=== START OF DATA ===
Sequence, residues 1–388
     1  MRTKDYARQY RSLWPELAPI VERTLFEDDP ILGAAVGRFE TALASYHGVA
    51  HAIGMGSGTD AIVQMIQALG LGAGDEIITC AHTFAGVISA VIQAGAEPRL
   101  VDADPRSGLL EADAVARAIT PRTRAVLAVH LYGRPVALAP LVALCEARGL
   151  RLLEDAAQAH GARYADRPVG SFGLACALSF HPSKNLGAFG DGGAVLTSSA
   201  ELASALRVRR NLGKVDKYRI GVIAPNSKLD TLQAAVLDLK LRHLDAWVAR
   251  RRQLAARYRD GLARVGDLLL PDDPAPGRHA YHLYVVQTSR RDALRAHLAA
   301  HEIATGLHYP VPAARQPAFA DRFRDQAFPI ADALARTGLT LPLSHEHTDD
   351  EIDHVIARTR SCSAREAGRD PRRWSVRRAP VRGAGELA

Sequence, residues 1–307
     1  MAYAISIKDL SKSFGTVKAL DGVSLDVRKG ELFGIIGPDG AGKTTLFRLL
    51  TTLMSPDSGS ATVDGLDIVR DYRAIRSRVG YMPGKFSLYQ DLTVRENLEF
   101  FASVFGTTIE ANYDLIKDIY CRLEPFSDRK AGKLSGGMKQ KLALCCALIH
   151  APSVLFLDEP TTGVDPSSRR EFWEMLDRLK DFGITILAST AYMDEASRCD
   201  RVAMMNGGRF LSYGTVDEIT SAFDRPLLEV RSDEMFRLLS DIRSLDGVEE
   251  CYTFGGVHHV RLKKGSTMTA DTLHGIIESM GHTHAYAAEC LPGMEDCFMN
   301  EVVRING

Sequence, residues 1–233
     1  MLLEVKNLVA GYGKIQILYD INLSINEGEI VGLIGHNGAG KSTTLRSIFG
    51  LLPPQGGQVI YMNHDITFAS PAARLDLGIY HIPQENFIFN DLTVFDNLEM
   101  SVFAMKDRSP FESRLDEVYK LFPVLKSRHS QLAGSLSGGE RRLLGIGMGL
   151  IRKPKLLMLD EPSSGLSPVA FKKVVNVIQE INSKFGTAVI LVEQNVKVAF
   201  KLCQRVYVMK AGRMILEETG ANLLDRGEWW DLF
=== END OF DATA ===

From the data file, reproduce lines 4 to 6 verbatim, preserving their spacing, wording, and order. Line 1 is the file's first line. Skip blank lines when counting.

   101  VDADPRSGLL EADAVARAIT PRTRAVLAVH LYGRPVALAP LVALCEARGL
   151  RLLEDAAQAH GARYADRPVG SFGLACALSF HPSKNLGAFG DGGAVLTSSA
   201  ELASALRVRR NLGKVDKYRI GVIAPNSKLD TLQAAVLDLK LRHLDAWVAR